We’ve taken a look into the ways we should be inspiring our employees to become actively involved in an employee referral program and why. We’ve also discussed many of the benefits of employee referral programs.
However, all that glitters isn’t always gold. To make sure none of our readers barge headlong into the process without being aware of the negative consequences of employee referrals, we’re about to address a few of those too.
There are a whole host of reasons why we should take our employees’ referrals seriously. Many of those reasons have proven statistics to back them up, so we’d be fools to think that there isn’t merit in the method:
- Faster hiring times
- Improved employee retention
- A steady source of qualified candidates
- More access to passive and diverse candidates
- High conversion rates
- Better fits for your business culture
- Your existing employees become your biggest brand advocates
All of these positives are well worth the effort and should outline just why you should be engaging in a referral program. But, before you get carried away with what a perfect system it appears to be, let’s look at a few of the ways it can all go wrong.
It can change the dynamic of employee relationships
When a new team member comes via a recommendation of another employee, there is potential that your other staff could see it as favoritism. There could even be jealousy if your referral program leaves the referrer with a healthy bonus or alternative reward.
Humans can be incredibly sensitive even at the best of times, and to keep them working at their optimum level, you need to manage any ill-feeling or conflict very carefully. Integration of new staff resulting from a referral needs handling with a different type of sensitivity.
On the flip side, either the referred employee or the referrer may also feel uncomfortable giving or taking commands from each other, once they’ve started working together. You can’t be sure exactly how they’ll perform together unless they’ve worked in a team before. Personal relationships can soon impact professional ones, creating much harder to resolve situations.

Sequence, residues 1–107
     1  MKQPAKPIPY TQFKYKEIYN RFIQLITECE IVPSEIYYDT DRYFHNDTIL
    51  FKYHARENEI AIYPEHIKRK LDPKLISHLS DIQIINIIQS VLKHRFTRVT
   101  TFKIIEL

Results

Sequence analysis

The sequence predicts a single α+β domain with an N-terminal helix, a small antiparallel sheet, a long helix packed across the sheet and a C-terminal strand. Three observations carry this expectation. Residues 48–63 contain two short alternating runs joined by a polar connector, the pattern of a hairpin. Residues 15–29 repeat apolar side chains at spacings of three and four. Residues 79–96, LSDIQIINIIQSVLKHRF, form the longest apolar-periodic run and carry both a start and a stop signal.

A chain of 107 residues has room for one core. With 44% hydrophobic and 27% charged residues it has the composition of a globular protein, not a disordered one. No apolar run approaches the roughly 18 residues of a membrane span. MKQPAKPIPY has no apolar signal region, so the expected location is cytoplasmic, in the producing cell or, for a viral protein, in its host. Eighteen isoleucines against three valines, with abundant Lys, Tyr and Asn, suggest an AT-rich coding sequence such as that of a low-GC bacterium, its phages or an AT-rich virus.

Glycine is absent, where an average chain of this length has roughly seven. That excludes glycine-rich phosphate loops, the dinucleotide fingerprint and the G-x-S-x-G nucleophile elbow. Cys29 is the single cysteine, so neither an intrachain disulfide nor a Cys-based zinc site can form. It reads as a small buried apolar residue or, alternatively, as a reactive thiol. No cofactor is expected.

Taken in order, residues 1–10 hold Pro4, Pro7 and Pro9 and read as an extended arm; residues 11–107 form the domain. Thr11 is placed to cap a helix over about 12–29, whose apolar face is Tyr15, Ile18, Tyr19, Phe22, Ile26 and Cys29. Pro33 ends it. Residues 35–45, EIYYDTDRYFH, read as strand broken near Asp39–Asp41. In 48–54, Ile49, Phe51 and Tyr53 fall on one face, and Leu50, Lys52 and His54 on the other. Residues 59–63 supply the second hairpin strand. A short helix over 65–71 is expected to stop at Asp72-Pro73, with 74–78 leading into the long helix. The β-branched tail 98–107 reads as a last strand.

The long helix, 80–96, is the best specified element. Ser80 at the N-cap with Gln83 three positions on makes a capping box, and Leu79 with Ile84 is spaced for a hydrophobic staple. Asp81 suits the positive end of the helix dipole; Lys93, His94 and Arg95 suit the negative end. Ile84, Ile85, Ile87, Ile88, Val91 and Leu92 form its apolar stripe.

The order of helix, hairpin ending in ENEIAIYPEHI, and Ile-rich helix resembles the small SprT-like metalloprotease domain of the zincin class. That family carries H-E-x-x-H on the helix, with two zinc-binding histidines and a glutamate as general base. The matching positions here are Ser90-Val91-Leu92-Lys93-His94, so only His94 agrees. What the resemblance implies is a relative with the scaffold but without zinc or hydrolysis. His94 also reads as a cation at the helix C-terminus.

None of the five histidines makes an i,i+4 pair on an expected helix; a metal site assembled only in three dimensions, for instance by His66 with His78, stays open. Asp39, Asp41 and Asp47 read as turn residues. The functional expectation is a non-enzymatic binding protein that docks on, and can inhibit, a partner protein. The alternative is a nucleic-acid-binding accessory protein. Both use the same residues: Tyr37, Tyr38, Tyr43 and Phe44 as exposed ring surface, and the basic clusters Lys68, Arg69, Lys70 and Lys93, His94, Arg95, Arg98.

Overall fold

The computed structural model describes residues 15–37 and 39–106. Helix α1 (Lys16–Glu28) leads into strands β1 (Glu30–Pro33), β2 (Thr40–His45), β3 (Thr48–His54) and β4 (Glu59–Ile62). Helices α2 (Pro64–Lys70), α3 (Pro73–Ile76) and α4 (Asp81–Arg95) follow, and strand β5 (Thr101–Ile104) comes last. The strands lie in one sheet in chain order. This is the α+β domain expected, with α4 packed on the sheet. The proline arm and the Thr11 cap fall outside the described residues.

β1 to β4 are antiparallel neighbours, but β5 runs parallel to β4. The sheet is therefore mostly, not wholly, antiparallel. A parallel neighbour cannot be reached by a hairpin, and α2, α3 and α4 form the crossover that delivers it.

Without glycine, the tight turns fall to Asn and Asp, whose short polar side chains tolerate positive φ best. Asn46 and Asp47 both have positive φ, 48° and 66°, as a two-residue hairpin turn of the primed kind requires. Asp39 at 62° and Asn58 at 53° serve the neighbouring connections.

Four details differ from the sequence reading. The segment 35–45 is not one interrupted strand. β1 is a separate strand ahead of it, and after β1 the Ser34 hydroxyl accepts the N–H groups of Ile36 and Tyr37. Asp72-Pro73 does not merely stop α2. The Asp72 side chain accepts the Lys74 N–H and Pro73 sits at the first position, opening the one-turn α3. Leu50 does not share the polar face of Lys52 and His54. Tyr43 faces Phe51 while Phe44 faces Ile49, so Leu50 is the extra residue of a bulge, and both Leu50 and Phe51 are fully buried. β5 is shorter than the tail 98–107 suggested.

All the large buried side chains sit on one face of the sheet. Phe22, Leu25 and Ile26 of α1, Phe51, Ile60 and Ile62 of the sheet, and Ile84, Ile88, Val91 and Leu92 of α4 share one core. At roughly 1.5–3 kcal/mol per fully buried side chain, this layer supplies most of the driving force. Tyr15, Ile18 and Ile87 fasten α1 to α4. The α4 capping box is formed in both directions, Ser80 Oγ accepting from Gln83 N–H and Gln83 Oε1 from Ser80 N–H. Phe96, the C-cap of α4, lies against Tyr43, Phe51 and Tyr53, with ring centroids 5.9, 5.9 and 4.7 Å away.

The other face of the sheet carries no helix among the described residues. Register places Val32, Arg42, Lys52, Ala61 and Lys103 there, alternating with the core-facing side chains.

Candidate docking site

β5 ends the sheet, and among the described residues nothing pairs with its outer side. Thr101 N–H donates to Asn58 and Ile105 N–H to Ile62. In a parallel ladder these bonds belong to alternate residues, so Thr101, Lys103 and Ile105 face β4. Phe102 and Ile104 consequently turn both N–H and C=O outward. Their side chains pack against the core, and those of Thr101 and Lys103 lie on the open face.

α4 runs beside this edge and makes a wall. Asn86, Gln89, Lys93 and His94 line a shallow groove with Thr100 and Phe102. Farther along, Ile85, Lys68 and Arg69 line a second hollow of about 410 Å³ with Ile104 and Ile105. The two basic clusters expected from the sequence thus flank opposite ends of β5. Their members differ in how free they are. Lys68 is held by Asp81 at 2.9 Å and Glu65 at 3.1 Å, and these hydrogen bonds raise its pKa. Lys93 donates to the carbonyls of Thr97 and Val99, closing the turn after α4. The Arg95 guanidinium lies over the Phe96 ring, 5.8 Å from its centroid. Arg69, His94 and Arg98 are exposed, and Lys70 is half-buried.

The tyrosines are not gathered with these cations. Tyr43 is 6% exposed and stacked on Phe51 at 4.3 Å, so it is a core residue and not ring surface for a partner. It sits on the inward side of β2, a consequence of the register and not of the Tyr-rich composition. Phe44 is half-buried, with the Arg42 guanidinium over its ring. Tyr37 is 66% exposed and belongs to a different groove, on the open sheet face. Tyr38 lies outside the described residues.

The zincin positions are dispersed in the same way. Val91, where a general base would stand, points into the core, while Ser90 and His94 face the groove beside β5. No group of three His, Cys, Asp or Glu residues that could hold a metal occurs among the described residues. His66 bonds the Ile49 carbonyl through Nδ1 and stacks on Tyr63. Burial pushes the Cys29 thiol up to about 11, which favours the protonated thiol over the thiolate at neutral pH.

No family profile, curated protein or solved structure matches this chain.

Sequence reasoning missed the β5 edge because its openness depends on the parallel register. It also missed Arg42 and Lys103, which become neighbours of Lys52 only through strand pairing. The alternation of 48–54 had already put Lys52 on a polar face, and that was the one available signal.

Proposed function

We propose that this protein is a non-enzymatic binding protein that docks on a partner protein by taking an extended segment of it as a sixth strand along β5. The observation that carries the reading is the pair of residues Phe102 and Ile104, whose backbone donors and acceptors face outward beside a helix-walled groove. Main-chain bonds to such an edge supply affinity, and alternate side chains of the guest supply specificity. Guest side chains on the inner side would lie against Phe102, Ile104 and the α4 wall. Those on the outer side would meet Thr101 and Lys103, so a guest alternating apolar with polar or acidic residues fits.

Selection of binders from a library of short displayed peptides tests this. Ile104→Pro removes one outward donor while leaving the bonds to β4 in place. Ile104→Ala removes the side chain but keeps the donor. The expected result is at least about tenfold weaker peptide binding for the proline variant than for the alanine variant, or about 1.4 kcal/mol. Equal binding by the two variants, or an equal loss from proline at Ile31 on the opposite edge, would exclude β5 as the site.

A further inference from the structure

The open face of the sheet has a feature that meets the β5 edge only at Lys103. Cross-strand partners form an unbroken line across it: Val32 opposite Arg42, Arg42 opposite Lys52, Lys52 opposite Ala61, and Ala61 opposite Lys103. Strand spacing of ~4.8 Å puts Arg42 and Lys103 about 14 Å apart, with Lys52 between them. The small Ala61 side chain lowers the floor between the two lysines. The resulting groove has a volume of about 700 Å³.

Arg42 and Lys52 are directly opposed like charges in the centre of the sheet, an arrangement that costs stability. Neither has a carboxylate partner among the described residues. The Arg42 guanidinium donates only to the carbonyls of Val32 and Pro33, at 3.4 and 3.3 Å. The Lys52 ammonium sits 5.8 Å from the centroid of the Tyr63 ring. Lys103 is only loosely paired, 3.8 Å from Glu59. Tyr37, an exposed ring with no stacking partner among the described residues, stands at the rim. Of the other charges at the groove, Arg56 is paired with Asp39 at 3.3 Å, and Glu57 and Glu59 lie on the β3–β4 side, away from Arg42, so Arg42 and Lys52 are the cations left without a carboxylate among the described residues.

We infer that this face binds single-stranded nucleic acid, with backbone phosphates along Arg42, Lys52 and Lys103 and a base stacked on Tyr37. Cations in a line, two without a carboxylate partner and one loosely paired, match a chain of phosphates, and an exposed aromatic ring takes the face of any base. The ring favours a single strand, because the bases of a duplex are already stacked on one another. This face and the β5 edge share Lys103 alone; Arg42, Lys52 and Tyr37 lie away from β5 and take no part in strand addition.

Can new staff with personal connections be put to work in different departments or teams, to protect other members from dealing with any of the above issues? It could be a great way to keep everyone happy during a new member’s integration.
You could be missing out on a preferable, better-qualified applicant
Just because employee referral programs create a range of real advantages when you’re headhunting new staff, it doesn’t mean that there aren’t still plenty of great candidates available via more traditional means.
Advertising on industry-specific job boards, or seeing what an agency has on offer, can still provide exemplary employees. However you choose to expand your team, you should always consider your available avenues. You can never know for sure where your next superstar is going to come from.
Interview everyone. Read all references. Take everything into consideration before making your final choice. Your business’s performance and constitution are riding on it, after all.
It can create cliques and segregation within teams